EU-funded FIT4FOOD2030 launches innovative toolbox to make food systems more sustainableLast Updated : 17 November 2020
- The European food systems need a radical change to become more sustainable and resilient, for the health of people and planet, and to respond better to challenges like COVID-19
- To achieve this, research and innovation methods need to become more effective, and involve all relevant actors (a holistic systems approach)
- The EU-funded project FIT4FOOD2030 has developed an innovative toolbox to, to help for policy makers, researchers, research funders, and other food system actors to make food systems more sustainable and resilient
- This toolbox will be launched during the project’s final conference on 24 and 25 November, 10.00-13.00 CET
FIT4FOOD2030 puts innovative toolbox to bring change in food systems to test (June 2019)
Brussels, 17 November – The EU-funded project FIT4FOOD2030 has developed a set ‘Tools for transformation’ supporting professionals – change agents – working to make food systems more sustainable. The tools will be presented on 24 and 25 November, during the project’s final conference.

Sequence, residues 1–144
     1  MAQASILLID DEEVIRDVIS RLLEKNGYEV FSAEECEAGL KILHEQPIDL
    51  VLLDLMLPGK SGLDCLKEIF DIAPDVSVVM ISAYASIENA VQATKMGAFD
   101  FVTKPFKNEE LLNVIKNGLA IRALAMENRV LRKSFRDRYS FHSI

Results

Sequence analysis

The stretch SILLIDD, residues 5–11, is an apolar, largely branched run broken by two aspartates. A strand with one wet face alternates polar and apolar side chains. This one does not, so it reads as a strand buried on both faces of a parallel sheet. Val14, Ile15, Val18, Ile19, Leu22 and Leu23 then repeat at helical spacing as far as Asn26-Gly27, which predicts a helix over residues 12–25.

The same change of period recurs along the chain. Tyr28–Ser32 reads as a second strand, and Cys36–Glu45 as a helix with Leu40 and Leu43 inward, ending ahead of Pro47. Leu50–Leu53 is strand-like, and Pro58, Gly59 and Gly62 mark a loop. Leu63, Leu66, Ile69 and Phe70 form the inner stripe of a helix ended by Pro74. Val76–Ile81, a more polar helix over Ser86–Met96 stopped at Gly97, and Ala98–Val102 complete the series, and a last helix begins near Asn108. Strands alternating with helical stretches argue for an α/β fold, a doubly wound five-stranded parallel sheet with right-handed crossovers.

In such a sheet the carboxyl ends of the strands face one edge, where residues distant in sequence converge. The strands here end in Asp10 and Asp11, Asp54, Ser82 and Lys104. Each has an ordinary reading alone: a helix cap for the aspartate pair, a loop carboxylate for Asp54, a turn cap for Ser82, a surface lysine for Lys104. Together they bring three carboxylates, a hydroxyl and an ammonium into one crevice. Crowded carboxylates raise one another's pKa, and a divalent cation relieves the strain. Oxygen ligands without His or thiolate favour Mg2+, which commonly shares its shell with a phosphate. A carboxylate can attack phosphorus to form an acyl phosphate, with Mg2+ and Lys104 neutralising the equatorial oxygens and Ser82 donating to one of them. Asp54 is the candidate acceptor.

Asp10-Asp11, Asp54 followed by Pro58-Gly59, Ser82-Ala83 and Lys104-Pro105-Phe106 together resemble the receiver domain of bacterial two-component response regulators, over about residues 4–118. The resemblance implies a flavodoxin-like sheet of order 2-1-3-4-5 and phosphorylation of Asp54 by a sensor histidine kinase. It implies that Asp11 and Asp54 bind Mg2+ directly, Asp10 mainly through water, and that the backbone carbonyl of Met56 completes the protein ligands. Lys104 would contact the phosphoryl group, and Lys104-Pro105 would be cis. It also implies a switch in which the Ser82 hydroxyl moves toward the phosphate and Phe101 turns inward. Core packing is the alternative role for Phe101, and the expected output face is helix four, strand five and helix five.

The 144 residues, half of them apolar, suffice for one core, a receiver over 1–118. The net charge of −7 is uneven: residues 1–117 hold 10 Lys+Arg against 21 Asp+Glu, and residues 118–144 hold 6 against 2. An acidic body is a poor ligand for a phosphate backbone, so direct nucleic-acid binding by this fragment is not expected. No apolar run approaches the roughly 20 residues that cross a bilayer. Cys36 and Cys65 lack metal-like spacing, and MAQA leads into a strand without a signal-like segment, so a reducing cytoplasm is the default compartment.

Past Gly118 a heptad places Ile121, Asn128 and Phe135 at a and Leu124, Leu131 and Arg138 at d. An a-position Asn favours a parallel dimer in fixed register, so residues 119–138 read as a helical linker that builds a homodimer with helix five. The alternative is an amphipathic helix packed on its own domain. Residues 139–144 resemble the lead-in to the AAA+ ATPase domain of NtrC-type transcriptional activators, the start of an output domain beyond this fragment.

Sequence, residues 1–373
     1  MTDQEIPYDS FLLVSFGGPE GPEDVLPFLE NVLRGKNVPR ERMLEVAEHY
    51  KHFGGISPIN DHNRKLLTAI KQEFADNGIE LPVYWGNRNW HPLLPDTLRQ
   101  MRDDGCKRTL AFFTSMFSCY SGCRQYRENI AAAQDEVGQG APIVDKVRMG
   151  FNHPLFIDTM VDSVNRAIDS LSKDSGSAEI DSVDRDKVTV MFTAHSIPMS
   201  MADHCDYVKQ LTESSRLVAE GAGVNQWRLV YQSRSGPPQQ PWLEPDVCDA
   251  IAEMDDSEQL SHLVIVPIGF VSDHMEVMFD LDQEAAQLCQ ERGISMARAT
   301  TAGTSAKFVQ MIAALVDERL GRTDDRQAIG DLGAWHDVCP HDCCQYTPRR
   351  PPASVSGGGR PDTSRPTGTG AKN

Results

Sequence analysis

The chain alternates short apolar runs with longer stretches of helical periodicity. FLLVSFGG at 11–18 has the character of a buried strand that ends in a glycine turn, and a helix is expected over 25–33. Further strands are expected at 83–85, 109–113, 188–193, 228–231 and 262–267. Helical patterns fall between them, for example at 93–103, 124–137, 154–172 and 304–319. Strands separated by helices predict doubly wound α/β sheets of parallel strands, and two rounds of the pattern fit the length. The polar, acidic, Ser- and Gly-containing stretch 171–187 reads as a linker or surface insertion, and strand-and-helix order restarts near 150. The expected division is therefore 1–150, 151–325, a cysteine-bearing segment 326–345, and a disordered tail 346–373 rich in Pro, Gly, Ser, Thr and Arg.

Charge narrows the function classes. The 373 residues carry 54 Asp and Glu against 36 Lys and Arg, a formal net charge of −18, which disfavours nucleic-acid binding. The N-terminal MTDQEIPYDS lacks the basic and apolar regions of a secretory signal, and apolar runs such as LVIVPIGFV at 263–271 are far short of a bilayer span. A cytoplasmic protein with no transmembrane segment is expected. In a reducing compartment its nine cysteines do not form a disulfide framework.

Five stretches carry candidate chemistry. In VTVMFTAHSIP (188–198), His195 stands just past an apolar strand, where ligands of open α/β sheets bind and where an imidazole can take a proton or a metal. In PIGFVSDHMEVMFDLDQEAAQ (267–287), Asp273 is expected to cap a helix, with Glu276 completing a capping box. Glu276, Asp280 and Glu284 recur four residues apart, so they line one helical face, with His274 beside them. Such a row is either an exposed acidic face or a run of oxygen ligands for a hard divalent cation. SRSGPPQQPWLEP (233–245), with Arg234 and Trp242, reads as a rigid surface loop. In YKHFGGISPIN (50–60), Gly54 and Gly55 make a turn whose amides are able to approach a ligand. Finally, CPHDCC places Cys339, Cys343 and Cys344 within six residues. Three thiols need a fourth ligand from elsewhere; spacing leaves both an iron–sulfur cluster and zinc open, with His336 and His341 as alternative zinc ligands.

The way in which we currently produce, process, transport, store, consume, and waste food is not sustainable. The food system must be urgently transformed to stay within the ‘planetary boundaries’. Prof. Dr. Jacqueline Broerse, Full Professor at the Athena Institute, Vrije Universiteit Amsterdam, and project coordinator, said:
“The tools that we have co-developed with a wide variety of stakeholders in ‘spaces for transformation’ will help researchers, research funders, policy makers and other ‘change agents’ doing research and innovation in a more effective way towards more sustainable and resilient food systems”
The current COVID-19 pandemic has highlighted the fragility and complexity, with substantial impact across the food system, ranging from increased food losses and disruptions in logistics and distribution, to increased levels of unemployment, rising food costs, and decreased availability of and accessibility to (fresh) foods.